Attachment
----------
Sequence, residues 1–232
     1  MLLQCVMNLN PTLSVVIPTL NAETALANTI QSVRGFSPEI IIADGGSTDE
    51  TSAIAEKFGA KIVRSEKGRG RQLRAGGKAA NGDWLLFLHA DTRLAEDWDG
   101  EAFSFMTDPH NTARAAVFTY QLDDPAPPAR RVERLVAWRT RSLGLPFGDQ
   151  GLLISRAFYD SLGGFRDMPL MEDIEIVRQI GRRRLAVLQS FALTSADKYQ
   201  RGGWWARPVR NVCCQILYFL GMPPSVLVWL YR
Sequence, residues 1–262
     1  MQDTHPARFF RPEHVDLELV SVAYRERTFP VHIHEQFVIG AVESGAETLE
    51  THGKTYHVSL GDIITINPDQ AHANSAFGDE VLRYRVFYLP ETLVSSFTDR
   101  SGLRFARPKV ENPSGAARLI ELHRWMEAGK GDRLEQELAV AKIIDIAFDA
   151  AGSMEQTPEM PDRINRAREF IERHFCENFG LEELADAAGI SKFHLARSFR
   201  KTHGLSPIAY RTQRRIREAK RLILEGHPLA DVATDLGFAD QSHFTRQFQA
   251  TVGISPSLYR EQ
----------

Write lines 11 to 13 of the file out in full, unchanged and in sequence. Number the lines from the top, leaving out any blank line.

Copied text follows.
   151  AGSMEQTPEM PDRINRAREF IERHFCENFG LEELADAAGI SKFHLARSFR
   201  KTHGLSPIAY RTQRRIREAK RLILEGHPLA DVATDLGFAD QSHFTRQFQA
   251  TVGISPSLYR EQ